• Seubert J., Kellermann T., Loughead J., Boers F., Brensinger C., Schneider F., et al. . (2010). Processing of disgusted faces is facilitated by odor primes: a functional MRI study. Neuroimage 53, 746–756. 10.1016/j.neuroimage.2010.07.012 [PubMed] [Cross Ref]
  • Seubert J., Ohla K., Yokomukai Y., Kellermann T., Lundström J. N. (2015). Superadditive opercular activation to food flavor is mediated by enhanced temporal and limbic coupling. Hum. Brain Mapp. 36, 1662–1676. 10.1002/hbm.22728 [PubMed] [Cross Ref]
  • Seubert J., Rea A. F., Loughead J., Habel U. (2009). Mood induction with olfactory stimuli reveals differential affective responses in males and females. Chem. Senses. 34, 77–84. 10.1093/chemse/bjn054 [PubMed] [Cross Ref]
  • Sommer J. U., Maboshe W., Griebe M., Heiser C., Hörmann K., Stuck B. A., et al. . (2012). A mobile olfactometer for fMRI-studies. J. Neurosci. Methods 209, 189–194. 10.1016/j.jneumeth.2012.05.026 [PubMed] [Cross Ref]
  • Steinberg C., Bröckelmann A. K., Rehbein M., Dobel C., Junghöfer M. (2013). Rapid and highly resolving associative affective learning: convergent electro- and magnetoencephalographic evidence from vision and audition. Biol. Psychol. 92, 526–540. 10.1016/j.biopsycho.2012.02.009 [PubMed] [Cross Ref]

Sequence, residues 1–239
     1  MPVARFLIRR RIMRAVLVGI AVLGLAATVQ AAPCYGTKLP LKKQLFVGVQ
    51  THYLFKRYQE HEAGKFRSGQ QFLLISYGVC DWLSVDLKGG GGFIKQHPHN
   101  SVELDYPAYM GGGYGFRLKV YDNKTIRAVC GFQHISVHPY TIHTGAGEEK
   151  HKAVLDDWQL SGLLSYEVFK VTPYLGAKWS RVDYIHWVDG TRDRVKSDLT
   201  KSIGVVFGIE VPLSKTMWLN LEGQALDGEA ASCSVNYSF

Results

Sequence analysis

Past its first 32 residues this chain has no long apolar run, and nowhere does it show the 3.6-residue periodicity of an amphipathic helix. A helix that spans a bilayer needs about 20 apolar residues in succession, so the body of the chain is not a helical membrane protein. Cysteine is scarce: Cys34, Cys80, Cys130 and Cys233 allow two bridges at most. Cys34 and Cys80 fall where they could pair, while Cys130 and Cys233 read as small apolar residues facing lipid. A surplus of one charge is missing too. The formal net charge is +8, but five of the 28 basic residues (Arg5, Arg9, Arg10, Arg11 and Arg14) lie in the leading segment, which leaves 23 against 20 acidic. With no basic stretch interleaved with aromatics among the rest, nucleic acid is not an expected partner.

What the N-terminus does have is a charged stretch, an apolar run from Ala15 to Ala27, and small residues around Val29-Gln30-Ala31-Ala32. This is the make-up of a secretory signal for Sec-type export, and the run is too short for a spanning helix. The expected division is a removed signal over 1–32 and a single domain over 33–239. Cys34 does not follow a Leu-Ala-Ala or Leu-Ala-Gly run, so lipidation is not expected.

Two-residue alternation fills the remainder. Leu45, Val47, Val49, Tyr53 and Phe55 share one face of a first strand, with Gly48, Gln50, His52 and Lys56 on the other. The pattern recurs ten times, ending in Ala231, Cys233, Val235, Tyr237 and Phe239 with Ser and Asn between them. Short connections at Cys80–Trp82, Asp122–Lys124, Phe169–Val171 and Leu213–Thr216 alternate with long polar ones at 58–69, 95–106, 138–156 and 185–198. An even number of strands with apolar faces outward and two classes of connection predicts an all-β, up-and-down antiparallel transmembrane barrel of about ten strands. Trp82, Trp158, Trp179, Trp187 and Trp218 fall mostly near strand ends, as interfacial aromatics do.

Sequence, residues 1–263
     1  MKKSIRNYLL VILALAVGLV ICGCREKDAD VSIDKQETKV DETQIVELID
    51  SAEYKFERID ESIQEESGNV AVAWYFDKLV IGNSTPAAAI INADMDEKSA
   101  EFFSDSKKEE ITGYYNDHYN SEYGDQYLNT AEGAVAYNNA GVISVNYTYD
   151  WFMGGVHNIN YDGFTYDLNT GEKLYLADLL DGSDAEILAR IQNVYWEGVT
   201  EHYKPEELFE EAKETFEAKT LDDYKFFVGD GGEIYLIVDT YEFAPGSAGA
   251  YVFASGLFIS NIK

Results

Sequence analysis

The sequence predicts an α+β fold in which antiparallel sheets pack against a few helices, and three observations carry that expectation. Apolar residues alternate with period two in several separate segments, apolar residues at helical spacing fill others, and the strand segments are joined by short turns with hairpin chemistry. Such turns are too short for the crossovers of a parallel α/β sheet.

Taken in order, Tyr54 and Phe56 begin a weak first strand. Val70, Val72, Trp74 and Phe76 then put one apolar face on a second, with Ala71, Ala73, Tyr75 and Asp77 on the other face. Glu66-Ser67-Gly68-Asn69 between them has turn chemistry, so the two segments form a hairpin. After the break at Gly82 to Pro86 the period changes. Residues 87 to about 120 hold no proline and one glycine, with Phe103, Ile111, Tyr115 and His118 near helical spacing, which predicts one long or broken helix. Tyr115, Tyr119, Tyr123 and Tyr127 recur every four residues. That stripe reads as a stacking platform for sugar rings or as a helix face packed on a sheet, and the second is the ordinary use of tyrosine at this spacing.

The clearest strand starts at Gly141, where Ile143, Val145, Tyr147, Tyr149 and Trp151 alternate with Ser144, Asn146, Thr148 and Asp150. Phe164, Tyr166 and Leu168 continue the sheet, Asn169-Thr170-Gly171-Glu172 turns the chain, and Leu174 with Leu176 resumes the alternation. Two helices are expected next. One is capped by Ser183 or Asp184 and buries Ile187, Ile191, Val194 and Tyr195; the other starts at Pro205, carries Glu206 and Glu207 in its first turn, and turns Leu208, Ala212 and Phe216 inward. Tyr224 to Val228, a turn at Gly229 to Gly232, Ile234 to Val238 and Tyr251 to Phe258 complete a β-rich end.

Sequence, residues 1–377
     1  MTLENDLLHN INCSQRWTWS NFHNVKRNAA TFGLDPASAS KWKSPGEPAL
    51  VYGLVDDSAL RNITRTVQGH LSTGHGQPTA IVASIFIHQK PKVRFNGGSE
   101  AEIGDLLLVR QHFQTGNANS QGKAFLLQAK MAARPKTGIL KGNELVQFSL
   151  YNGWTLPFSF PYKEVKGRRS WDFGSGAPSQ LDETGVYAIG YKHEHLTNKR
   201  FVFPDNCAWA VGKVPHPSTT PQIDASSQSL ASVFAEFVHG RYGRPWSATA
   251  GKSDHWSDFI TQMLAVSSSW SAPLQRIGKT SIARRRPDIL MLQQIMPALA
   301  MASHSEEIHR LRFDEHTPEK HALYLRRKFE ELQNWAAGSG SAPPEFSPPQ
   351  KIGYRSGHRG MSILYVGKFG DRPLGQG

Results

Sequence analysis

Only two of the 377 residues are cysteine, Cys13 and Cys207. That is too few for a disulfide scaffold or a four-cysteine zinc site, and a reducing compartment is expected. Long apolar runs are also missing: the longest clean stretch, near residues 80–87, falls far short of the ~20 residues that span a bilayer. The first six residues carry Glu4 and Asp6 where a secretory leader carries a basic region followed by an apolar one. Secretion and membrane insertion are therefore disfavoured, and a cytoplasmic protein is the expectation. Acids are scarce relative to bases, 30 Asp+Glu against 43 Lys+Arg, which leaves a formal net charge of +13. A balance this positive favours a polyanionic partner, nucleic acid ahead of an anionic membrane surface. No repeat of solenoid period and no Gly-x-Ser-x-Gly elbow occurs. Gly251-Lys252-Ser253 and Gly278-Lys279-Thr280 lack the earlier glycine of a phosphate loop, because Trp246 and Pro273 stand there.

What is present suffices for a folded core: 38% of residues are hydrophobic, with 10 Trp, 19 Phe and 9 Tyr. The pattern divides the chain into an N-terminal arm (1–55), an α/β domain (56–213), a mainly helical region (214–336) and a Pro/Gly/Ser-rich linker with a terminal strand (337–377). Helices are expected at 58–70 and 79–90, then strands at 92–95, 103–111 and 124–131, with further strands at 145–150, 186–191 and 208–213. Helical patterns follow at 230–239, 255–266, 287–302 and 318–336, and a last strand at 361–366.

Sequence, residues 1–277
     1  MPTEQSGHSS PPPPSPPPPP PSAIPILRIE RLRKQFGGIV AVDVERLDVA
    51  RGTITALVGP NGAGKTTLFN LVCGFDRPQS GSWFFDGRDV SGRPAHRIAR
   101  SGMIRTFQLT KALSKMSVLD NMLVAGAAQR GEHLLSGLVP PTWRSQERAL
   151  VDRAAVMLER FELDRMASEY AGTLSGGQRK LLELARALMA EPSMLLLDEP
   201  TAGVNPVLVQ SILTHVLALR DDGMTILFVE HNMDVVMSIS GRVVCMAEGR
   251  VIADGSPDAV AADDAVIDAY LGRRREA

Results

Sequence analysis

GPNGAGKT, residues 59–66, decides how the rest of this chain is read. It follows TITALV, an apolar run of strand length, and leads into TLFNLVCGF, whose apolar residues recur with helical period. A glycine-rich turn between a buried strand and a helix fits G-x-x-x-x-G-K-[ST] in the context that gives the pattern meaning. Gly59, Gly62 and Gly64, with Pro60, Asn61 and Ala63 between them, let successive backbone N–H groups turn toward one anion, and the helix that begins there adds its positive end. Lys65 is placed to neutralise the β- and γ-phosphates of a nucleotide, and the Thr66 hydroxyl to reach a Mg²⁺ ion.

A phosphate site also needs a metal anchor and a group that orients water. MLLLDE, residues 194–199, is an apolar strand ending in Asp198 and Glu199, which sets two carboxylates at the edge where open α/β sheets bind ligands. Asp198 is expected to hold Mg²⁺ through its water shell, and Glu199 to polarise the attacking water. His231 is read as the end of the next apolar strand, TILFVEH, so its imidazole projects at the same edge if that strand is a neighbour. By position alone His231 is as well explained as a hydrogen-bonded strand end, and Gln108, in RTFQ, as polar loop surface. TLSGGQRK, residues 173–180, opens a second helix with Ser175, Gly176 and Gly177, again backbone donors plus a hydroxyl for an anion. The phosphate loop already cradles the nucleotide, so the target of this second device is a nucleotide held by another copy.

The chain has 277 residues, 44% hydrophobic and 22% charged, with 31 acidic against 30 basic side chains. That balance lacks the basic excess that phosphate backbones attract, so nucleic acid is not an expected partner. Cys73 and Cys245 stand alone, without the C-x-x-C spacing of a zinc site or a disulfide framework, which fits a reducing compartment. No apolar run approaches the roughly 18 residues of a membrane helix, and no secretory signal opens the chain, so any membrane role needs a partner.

• Stuck B. A., Frey S., Freiburg C., Hormann K., Zahnert T., Hummel T. (2006). Chemosensory event-related potentials in relation to side of stimulation, age, sex, and stimulus concentration. Clin. Neurophysiol. 117, 1367–1375. 10.1016/j.clinph.2006.03.004 [PubMed] [Cross Ref]
  • van den Bosch I., van Delft J. M., de Wijk R. A., de Graaf C., Boesveldt S. (2015). Learning to (dis)like: the effect of evaluative conditioning with tastes and faces on odor valence assessed by implicit and explicit measurements. Physiol. Behav. 151, 478–484. 10.1016/j.physbeh.2015.08.017 [PubMed] [Cross Ref]
  • Villemure C., Laferrière A. C., Bushnell M. C. (2012). The ventral striatum is implicated in the analgesic effect of mood changes. Pain Res. Manag. 17, 69–74. 10.1155/2012/371362 [PMC free article] [PubMed] [Cross Ref]
  • Villemure C., Wassimi S., Bennett G. J., Shir Y., Bushnell M. C. (2006). Unpleasant odors increase pain processing in a patient with neuropathic pain: psychophysical and fMRI investigation. Pain 120, 213–220. 10.1016/j.pain.2005.10.031 [PubMed] [Cross Ref]
  • Walla P., Lehrner J. P., Nasel C., Baumgartner C., Deecke L., Lang W. (2003). Preserved memory traces within diencephalic amnesia. J. Neural Transm. 110, 537–543. 10.1007/s00702-002-0806-4 [PubMed] [Cross Ref]
  • WMA (1997). World Medical Association declaration of Helsinki. Recommendations guiding physicians in biomedical research involving human subjects. JAMA 277, 925–926. 10.1001/jama.1997.03540350075038 [PubMed] [Cross Ref]
  • Yeomans M. R., Prescott J. (2016). Smelling the goodness: sniffing as a behavioral measure of learned odor hedonics. J. Exp. Psychol. Anim. Learn. Cogn. 42, 391–400. 10.1037/xan0000120 [PubMed] [Cross Ref]
  • Yousem D. M., Maldjian J. A., Siddiqi F., Hummel T., Alsop D. C., Geckle R. J., et al. . (1999). Gender effects on odor-stimulated functional magnetic resonance imaging. Brain Res. 818, 480–487. 10.1016/S0006-8993(98)01276-1 [PubMed] [Cross Ref]
  • Zatorre R. J., Jones-Gotman M., Rouby C. (2000). Neural mechanisms involved in odor pleasantness and intensity judgments. Neuroreport 11, 2711–2716. 10.1097/00001756-200008210-00021 [PubMed] [Cross Ref]

Articles from Frontiers in Neuroanatomy are provided here courtesy of Frontiers Media SA